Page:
“So,” said the older woman. She shifted in her folding chair and placed her hands on the cheap table. Jun blinked and shivered in the bright lights of the hangar. Around them, Hexsuits gleamed.

Zee, sitting to his left, cleared her throat officiously. “Boss, this is Jun Hideki. Ben authorized a sublet to him at my insistence about an hour ago. Jun this is Boss. We need to discuss—”

“Boss?” Jun said. He sifted through the frequencies, fingers dancing in front of him. “Weird name, dude.”

“My title,” Boss said, her voice a grunt. “What the hell are you doing with your fingers?”

Jun paused, looking at the frequencies of their faces. “Trying to figure things out.”

“By playing air guitar?” said Ashtin Rice. She sat to the right of Boss, arms crossed, leaning back in her chair with her foot on the table.

“Frequencies,” said Benjamin. He sat on the other side of Zee. Jun raised his eyebrows and stared at the gray-eyed man.

“Yep,” said Jun, tapping his fingers on the table.

“Are you a somatic?” Ben asked. “Your eyes aren’t—”

“Nope,” said Jun. “I can see them naturally.”

Rice’s leaning chair jerked and she almost fell backward. She caught and steadied herself. “What?”

“Dude, I’m awe-nat-yoo-rale,” said Jun. “No Soma.”

“How is that possible?” said Rice, glancing towards Ben.

“Even the specialists at Talas use a little Soma,” he said.

“It’s not without precedence,” said Boss. “Jonathan Core was rumored to have found some naturals, and that led to his research in somatic ability and nanoblades. The naturals were the originators.”

Ben shook his head, pain flitting through his eyes for a moment. He ran a hand over his face as if to wipe it away. He made a fist on the table. “But,” he frowned in confusion. “Fire. How can you use fire? It’s too…” his eyes got distant, pupils constricting, “too fractured.”

“Like it exists in a few places at once?” Jun asked.

“Yeah,” said Benjamin.

Jun shifted excitedly in his chair, leaning closer. “Fire’s, like, not solid, you know. It’s a way of effecting things, not the thing itself. It’s an adjective, not a noun. Can apply to many things.”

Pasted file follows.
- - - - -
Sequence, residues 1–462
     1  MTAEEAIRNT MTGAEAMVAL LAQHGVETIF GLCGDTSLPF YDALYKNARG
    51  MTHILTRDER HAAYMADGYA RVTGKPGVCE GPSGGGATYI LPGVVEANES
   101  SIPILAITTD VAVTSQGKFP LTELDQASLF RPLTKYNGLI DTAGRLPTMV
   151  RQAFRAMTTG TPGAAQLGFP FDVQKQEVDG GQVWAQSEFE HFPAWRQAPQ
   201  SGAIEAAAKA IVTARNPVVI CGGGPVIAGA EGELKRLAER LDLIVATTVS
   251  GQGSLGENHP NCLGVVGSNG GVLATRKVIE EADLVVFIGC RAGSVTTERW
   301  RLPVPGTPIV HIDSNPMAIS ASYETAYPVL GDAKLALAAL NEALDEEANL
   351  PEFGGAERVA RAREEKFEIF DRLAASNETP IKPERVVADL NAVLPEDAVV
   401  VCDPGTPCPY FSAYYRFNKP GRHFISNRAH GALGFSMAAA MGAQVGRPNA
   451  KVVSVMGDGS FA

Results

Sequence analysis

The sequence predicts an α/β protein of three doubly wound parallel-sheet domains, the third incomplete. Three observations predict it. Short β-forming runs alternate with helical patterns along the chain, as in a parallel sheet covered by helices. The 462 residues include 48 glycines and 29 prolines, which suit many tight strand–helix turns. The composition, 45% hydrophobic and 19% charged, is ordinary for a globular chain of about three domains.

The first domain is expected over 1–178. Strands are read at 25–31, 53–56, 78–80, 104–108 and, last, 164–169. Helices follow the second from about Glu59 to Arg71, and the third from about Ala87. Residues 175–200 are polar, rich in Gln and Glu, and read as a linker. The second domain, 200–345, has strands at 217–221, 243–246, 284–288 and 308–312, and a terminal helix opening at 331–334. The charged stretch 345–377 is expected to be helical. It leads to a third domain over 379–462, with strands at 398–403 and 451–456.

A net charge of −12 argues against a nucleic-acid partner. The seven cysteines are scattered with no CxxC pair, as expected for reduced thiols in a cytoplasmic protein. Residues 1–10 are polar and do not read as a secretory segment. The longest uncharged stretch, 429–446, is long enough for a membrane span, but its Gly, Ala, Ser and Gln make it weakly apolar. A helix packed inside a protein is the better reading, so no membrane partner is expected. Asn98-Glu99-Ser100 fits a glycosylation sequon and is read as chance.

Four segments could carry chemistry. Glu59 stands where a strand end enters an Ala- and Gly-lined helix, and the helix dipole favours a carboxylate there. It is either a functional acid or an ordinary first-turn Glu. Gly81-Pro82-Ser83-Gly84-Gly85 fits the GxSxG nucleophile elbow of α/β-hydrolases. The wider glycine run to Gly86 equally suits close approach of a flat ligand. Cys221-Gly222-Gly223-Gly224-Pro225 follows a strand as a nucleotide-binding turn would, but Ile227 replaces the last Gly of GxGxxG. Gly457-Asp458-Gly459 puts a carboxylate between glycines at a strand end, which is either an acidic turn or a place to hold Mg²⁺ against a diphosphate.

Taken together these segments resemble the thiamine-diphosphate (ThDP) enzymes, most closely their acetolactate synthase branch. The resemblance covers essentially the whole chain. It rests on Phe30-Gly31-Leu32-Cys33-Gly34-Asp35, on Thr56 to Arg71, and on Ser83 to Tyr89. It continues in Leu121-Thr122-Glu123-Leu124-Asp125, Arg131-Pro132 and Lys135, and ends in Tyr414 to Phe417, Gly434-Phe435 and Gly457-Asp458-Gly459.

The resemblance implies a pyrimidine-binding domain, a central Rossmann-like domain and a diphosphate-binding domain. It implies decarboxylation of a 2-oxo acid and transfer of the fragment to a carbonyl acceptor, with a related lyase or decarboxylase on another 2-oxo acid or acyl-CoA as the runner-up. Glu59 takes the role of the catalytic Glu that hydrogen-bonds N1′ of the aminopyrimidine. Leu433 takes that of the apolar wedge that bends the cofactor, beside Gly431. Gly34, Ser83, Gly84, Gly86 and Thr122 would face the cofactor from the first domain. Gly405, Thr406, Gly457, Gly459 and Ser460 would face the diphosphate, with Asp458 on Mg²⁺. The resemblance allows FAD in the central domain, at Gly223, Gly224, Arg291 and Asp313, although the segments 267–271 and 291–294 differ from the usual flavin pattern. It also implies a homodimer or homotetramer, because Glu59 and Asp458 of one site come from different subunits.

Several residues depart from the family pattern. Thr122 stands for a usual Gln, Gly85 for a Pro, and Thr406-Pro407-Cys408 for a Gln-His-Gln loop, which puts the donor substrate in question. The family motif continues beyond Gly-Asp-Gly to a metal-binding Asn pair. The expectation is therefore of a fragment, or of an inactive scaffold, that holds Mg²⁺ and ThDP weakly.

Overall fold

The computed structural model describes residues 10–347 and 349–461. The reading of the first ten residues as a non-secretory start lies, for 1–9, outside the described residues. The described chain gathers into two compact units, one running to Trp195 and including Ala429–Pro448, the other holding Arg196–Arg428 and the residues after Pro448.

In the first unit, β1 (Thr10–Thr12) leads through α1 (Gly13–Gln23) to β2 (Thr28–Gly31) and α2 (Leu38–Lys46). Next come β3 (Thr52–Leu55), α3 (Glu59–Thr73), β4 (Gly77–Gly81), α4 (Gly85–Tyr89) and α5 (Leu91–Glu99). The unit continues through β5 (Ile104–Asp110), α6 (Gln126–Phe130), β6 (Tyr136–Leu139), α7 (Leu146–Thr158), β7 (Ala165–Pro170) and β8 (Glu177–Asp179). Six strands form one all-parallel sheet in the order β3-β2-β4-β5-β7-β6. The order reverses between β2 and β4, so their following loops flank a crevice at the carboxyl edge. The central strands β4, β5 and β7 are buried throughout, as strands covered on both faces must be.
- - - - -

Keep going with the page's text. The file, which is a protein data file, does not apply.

“Huh?” said Ben.

“Yeah. I just know the specific way things burn,” said Jun.

“How many things?” Rice asked, shifting uncomfortably.

“A lot of things,” said Jun.

“People,” said Zee, accusingly.

“Well—”

“I only know a few metals,” Ben said.

“Can you see the others?” Jun asked, his voice excited.

“Not all of them, but a lot. And only because of the Soma,” Benjamin said with a wince. “They used to be like one giant blurry thread, all the strands too close together to pick out. The more I used Soma, the more I could pick out individual strands of frequencies.”

“Dude, your senses must be like negatory,” said Jun.

“Useless,” said Ben. “I can only see and hear because of implants.”

“Dude, that sucks,” said Jun.

“Tell me about it,” said Ben.

“Soma wrecks you,” said Jun. “Like totally. Soma is, like, the space between sleeping and waking, man.”

“Yes,” said Ben fervently. “It’s horrible.”

“So totally rude, dude,” said Jun.

“How do you still have your senses and use the frequencies?” Ben asked.

“Dude, I don’t,” said Jun.

“Wait,” said Rice, “you can’t smell or hear anything?”

“Not the way you do, man. I know all I know through the frequencies,” said Jun.

Ben blinked. “Woah,” he said.

“Yeah,” said Jun. “Can only touch fire though. I understand it, you know. Fire is chill.”

“And very handy,” said Ben.

“Man, not as handy as metal,” Jun said waving his arms. “You can like build stuff—”

“I hate to interrupt this fascinating nerd session,” said Rice loudly, “but we really should talk about how we are going to keep the governor from executing Jun.”

“I’m still not sure why we even care,” said Boss.

“I saw an opportunity for profit,” said Zee. “I’m convinced someone wants him alive. We just have to determine who and negotiate properly.”

“Dude, do I get a say in this?” asked Jun.

“You don’t have many options,” said Zee. “I’m pretty sure when they say they want to ‘apprehend’ you, they mean they want to kill you. My goal is to prevent your death and that is all. Once we can be certain they won’t kill you, we can go from there.”

“I was doing pretty well on my own,” said Jun.

“What was your plan? Escape to the Wilds?” Rice asked.

“Well, yeah,” said Jun.

Rice rolled her eyes. “That’s a great plan. Ever been camping?”

“Camping?”

“You know, living outdoors, living off the land?” Rice said. “Know how to catch your own food and build a shelter?”

“I figured I’d learn,” said Jun. They stared at him in silence. “Well, it was better than being apprehended,” he said.

Zee exhaled. “So who do we know who wants a powerful nanoblade user?” she asked.

“Oh,” said Ben, frowning in distaste. “I think I know.”